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Ward off Climate Change

About the author


Gary Warden was raised in the Perth Hills. After graduating from the University of Western Australia with a degree in Geology, Gary joined BHP Billiton where he spent 18 years working in a variety of roles in a number of locations around the world. Prior to leaving BHP Billiton in December 2006, Gary was Global Manager for the company's US$1Billion business improvement program.

While he was originally sceptical about the claims relating to climate change, he became convinced of the urgency of the issue in early 2006. He left BHP Billiton primarily to spend more time with his young family, but also to dedicate himself to creating a more sustainable life for himself and his family and to support others in making that change.

In September 2007 he was trained by Al Gore and has delivered the "Inconvenient Truth" lectures to thousands of west australians since then. In November 2007 Gary ran for the senate in the Federal Election representing the Climate Change Coalition.

In addition to his climate change lectures, he has facilitated Living Smart workshops across Perth. Between 2008 and 2009 he was on the Executive Committee of the Conservation Council of Western Australia including one year as Vice President.

Gary co-founded and is Executive Director of the very exciting Days of Change program, one of the largest sustainability programs in Australia and is now General Manager WA for Eco-Kinetics, one of the largest Solar PV companies in Australia and subsidiary of ASX-listed CBD Energy.

Reducing Your Waste Emissions

How much do you throw in the bin? 

For the average Australian household, the embodied energy contained within the waste that we throw out represents 14% of our overall emissions, or almost 5 tonnes.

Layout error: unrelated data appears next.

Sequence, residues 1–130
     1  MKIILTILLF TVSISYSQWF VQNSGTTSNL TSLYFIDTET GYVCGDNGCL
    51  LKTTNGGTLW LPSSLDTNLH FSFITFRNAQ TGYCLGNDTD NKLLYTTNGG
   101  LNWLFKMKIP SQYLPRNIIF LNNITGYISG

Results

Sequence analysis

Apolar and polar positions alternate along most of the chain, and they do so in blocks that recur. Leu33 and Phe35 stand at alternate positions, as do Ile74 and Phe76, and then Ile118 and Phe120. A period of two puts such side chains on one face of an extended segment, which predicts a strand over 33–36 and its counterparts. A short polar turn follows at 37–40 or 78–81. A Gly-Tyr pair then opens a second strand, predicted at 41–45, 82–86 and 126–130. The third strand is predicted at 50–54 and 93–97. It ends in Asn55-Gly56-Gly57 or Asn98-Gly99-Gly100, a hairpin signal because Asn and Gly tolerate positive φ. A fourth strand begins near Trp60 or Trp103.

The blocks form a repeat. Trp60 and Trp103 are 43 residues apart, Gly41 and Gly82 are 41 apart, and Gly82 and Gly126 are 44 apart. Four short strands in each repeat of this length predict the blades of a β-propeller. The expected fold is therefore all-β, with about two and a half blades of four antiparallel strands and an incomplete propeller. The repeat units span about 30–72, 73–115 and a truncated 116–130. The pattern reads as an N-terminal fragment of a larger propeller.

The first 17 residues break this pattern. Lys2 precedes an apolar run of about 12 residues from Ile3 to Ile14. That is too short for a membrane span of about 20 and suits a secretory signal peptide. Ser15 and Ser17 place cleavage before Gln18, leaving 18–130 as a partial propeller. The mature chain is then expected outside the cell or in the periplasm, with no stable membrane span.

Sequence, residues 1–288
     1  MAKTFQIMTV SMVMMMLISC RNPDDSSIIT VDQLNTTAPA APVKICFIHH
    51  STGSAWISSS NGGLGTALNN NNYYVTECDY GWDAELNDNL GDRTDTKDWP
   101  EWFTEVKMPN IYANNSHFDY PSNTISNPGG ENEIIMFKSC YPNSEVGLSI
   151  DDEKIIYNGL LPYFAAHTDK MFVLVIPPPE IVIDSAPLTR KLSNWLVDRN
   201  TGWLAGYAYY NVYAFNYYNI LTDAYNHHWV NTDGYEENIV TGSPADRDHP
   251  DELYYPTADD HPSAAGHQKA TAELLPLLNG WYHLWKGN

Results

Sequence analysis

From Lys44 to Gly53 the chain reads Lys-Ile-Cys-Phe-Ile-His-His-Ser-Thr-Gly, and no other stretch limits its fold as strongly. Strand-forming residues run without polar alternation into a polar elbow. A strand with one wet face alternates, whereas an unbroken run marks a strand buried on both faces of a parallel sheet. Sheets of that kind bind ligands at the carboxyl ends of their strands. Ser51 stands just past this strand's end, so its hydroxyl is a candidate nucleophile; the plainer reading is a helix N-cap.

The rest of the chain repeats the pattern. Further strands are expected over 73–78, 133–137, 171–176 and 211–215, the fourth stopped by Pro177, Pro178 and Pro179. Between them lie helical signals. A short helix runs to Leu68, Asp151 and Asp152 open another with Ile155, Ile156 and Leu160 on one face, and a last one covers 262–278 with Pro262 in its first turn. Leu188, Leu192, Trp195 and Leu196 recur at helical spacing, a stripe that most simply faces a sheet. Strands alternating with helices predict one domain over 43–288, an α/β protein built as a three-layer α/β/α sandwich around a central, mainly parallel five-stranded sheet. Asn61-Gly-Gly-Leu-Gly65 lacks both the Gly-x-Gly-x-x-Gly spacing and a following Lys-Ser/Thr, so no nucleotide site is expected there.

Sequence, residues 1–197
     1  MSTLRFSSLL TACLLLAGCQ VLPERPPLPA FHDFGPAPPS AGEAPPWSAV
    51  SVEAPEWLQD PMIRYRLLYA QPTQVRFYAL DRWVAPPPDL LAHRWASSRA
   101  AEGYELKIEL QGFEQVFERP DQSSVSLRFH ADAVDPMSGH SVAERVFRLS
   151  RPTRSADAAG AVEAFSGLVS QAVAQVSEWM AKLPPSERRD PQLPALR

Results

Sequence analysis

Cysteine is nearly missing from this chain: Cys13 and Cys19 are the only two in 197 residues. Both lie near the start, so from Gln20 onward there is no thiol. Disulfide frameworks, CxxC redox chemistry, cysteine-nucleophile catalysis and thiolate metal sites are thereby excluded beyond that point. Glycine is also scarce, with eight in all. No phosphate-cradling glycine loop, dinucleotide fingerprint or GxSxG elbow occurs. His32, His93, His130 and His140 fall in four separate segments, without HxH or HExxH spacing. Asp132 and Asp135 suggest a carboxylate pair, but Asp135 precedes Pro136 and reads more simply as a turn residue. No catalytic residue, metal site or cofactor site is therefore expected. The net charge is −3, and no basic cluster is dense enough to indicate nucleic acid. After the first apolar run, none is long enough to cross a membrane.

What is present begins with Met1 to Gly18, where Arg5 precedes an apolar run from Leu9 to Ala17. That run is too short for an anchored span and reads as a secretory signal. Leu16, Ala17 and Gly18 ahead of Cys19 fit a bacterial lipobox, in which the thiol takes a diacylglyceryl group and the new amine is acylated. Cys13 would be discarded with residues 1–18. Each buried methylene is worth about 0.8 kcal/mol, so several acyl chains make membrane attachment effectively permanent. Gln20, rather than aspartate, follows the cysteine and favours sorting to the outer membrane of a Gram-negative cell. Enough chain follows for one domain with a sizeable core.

Most people find that they can reduce the amount of material that goes into the waste bin by more than half. Some people even have a goal of completely eliminating waste going into the bin. 

Before you say "that's impossible", check out the following chart showing the breakdown of what gets thrown out in Western Australia.

Virtually all of the waste we throw in the bin is recyclable in some form or another.  Toni and I have set ourselves the goal of not putting out our Green-top bin during 2009. Read more here.

Garden waste can be shredded and turned into compost. Most councils have routine collections of green wastes that they shred and turn into mulch. Lawn clippings and leaves can be composted and used to enrich your garden beds. 

Most food scraps can be placed in a compost heap, or can be fed to worms in worm farms. Worm farms are fantastic as the transform your scraps into either rich worm castings which can be used to enrich your soil, or so-called "worm juice" which can be diluted with water and used as a natural liquid fertiliser. Worms will eat their way through most kitchen scraps including vegetable peelings, fruit peelings, and offcuts from fruits and vegetables. The only things that worms don't like are citrus, onions and meat products. Worm farms are available in most hardware stores.